“The asshole of the industry,” Drenovis said. “And you sure are an asshole.” Drenovis laughed loud and long. Bill wanted to smack him, but then he remembered he had more education than Drenovis and he laughed internally. Bill would come to understand that if the dishwashers couldn’t keep up, the cooks ran out of plates. When that happened, the flow of food to the customers stopped, the cooks fell behind and never caught up. He would come to realize that if he took care of the dishwashers, they would bust their butts for him, for the cooks. It was a simple, symbiotic relationship. Bill would also come to understand, knowing how crappy and hard the potwasher job is, never to dirty a pot unless it was completely necessary.
Of course Robert heard about Drenovis’ antics. Eleanor ratted him out for what she saw. When Bill was on the dish machine, Drenovis ran Bill from one end of the kitchen to the other making him carry stacks of hot plates, making him carry racks of mugs and stock them at the bus stations in the dining room before they cooled down. But Robert wasn’t one to let go either and he wasn’t one to be bested. He got on Drenovis’ case and wouldn’t ease off.
Bill sat at the kitchen help’s table in the middle of the kitchen. He felt like a high school kid in detention. He was sure he was getting fired. He was glad he spoke up because it was the right thing to do, but he was totally demoralized since he needed the job.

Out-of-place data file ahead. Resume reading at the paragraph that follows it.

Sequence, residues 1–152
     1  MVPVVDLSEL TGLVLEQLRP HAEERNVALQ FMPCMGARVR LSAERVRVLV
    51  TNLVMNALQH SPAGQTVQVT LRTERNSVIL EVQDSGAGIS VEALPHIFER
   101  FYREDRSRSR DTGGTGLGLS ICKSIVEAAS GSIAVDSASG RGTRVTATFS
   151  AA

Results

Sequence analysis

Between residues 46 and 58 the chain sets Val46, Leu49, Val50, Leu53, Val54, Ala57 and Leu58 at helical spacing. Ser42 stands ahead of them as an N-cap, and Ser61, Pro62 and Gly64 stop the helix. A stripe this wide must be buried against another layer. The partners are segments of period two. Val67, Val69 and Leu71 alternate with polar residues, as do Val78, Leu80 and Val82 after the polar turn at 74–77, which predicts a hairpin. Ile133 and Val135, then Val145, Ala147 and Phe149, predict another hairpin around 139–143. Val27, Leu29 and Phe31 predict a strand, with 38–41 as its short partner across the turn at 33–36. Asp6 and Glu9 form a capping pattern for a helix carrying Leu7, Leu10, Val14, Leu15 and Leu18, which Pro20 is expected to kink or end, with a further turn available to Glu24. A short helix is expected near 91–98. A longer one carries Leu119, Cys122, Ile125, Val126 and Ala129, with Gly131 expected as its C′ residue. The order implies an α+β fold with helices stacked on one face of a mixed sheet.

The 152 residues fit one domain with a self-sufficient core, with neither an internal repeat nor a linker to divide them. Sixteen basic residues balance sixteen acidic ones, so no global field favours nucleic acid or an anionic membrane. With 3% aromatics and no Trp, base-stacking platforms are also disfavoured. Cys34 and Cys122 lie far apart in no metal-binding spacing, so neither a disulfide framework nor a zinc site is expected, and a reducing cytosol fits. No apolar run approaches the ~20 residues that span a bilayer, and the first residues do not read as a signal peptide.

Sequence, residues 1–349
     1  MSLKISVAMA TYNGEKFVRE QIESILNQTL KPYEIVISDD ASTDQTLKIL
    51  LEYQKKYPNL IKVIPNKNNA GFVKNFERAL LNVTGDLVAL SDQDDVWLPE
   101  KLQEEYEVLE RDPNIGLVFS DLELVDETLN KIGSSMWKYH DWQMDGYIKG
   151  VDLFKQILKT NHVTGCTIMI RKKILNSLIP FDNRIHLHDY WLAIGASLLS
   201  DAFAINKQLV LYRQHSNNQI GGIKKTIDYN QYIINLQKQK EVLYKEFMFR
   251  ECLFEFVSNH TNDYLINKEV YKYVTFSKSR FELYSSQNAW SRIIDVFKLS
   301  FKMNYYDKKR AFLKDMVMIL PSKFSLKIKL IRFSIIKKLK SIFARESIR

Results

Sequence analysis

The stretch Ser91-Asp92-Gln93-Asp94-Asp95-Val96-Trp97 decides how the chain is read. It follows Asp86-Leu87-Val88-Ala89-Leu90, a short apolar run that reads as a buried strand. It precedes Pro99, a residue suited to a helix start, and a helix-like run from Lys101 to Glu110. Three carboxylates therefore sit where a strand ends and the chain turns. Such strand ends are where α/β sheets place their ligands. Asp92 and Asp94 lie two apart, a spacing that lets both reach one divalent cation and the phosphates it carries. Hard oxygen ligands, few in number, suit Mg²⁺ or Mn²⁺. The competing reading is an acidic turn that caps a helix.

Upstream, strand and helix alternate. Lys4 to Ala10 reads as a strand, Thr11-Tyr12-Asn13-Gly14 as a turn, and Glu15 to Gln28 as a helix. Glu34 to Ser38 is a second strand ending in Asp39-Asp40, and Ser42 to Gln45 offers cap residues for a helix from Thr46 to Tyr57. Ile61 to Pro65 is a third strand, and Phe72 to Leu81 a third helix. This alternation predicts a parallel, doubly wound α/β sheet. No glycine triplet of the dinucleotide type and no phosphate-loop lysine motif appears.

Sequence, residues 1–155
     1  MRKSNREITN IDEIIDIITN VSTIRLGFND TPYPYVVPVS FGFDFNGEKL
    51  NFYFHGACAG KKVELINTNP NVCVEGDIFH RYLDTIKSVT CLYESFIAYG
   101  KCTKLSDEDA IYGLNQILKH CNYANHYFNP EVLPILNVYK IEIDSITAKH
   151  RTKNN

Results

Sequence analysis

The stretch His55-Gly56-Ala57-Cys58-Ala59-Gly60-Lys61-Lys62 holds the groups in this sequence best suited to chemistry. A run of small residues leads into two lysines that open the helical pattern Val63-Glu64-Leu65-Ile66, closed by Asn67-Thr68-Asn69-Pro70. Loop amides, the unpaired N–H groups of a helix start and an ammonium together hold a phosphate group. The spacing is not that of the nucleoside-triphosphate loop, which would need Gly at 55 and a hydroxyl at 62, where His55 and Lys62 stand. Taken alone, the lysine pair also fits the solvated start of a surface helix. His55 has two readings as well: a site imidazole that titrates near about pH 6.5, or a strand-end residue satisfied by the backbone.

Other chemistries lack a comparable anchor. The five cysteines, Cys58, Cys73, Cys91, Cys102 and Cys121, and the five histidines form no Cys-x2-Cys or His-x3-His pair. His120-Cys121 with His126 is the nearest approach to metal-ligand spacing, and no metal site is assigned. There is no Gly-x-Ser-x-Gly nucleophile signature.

About twenty minutes later, Drenovis, the manager, came in with the waitress. The waitress kissed Bill right on his lips and thanked him for doing what she couldn’t. “That was so sweet,” she said. Bill smiled shyly.
Drenovis started by dressing Bill down. He yelled, he cursed, he explained that it cost him dinner, dinner next time for the customer and his party and the cleaning bill for the suit. He was in the process of firing Bill when Robert came in from the open hearth.
Robert spoke quietly, softly. “Mind your p’s and q’s,” he told Drenovis. “He’s my boy. You’ll pay him for the day and tomorrow he’ll work in the kitchen.”
“He’s getting fired,” Drenovis said.
“No,” Robert said. “He’s not. Now take your big butt out of the kitchen and don’t bring it back in.”